Zwick serves up the drama in three acts. In the first, we meet a Texas couple, a low-down George and Martha -- Willingham and his wife (Emily Meade) -- who engage in no-holds-barred screaming matches, some of which turn physical.

Tragedy strikes early. Willingham wakes up one morning to discover that his house is on fire. When he can't save his children from the blaze, he winds up being charged with arson and murder.

At Willingham's trial, Zwick exposes gaps between the facts of the case and the testimony of police, witnesses, and experts. To make matters worse for Willingham, his alleged crime is viewed as horrible enough to deprive him of any public sympathy.

The movie's third act takes place in a Texas prison where Willingham awaits execution on death row. Still seething with anger, he fights with other inmates but insists on his innocence.

Late in his 12-year stay on death row, Willingham encounters Elizabeth (Laura Dern), a woman with whom he begins a correspondence. Initially wary, Elizabeth soon sets out to prove Willingham's innocence, a task that puts her in touch with key players who helped put Willingham on death row.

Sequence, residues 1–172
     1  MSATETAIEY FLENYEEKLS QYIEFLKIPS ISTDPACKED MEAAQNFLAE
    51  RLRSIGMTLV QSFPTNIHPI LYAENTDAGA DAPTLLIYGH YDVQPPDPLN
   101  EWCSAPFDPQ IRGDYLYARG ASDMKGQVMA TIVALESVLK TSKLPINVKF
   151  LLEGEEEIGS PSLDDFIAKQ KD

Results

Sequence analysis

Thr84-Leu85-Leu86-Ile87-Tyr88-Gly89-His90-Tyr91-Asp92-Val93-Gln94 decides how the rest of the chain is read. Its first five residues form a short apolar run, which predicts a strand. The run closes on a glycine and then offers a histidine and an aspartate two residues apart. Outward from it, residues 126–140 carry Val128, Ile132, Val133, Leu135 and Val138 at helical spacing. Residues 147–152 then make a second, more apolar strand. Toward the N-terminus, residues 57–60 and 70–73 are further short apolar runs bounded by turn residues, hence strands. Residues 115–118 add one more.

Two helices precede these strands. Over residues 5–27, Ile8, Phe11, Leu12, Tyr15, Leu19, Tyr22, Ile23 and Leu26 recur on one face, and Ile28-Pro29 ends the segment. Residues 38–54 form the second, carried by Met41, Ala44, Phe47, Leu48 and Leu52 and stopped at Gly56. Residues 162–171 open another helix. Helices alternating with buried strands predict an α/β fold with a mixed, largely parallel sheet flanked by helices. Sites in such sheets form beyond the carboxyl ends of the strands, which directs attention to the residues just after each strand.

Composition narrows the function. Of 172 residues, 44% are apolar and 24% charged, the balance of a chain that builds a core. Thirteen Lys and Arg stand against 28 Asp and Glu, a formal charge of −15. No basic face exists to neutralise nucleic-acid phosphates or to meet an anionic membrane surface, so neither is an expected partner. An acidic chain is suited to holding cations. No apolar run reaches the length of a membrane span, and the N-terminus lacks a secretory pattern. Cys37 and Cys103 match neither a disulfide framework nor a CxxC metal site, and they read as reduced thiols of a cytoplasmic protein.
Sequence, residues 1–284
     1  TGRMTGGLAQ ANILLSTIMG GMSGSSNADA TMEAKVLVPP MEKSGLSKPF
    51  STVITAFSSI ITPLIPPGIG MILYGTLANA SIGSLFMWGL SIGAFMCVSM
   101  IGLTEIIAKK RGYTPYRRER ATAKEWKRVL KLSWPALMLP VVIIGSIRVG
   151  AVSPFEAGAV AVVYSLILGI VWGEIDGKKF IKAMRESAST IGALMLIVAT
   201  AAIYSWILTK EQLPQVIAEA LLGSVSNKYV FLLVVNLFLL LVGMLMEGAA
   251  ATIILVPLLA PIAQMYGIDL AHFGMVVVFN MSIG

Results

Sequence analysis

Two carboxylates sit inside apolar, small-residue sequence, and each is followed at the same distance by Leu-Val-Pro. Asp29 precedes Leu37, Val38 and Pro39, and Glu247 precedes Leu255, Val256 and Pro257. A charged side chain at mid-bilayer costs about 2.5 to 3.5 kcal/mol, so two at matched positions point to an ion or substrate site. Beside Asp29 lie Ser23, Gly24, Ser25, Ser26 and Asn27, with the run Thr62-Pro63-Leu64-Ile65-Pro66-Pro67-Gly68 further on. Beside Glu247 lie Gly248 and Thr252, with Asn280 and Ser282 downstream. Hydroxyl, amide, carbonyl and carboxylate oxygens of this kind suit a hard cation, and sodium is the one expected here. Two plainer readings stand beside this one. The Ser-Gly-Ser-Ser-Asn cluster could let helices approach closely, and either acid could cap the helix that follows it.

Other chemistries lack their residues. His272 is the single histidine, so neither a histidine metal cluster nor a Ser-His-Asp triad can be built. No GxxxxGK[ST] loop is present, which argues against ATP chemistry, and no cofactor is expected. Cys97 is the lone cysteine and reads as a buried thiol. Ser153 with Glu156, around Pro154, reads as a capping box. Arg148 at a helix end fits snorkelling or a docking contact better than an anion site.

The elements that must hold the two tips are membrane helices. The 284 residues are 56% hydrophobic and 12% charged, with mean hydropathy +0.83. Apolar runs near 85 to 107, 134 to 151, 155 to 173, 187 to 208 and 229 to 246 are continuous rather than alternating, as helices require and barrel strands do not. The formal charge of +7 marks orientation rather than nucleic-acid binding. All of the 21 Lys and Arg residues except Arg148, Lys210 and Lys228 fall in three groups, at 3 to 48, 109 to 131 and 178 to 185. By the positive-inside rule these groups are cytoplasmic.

All of this plays out in ways that make the movie feel longer than its two hours, perhaps because Zwick digresses with flashbacks and because some parts of the story unfold independently of one another.

It’s no spoiler to tell you that Zwick ultimately takes a shot at Texas-style justice and the state's then Governor Rick Perry. He also designs the movie to show one of the major flaws in the argument for capital punishment. Death sentences can involve overzealous police work, shoddy defense counseling, and corrupted witnesses. Valid arguments, of course, but they give Trial By Fire a position-paper aura.

O’Connell and Dern give fine performances, as does Meade, as Willingham's wife. Zwick (Glory, Blood Diamond and The Last Samurai) has an eye for a good story. But heavy-handed didacticism makes parts of Trial By Fire feel rigged, costing the story some of its power. As a result, Trial By Fire's anti-capital punishment stance most likely will speak only to the already converted.